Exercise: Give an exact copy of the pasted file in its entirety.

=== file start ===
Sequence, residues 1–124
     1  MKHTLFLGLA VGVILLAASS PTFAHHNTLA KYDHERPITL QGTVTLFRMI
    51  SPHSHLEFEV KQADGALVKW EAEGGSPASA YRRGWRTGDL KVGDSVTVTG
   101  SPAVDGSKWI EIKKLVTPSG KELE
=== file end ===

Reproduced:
Sequence, residues 1–124
     1  MKHTLFLGLA VGVILLAASS PTFAHHNTLA KYDHERPITL QGTVTLFRMI
    51  SPHSHLEFEV KQADGALVKW EAEGGSPASA YRRGWRTGDL KVGDSVTVTG
   101  SPAVDGSKWI EIKKLVTPSG KELE